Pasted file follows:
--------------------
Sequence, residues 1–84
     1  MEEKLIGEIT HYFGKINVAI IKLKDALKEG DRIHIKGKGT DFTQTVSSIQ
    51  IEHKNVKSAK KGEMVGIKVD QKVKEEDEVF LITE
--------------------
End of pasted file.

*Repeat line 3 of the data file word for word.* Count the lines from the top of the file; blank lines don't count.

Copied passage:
    51  IEHKNVKSAK KGEMVGIKVD QKVKEEDEVF LITE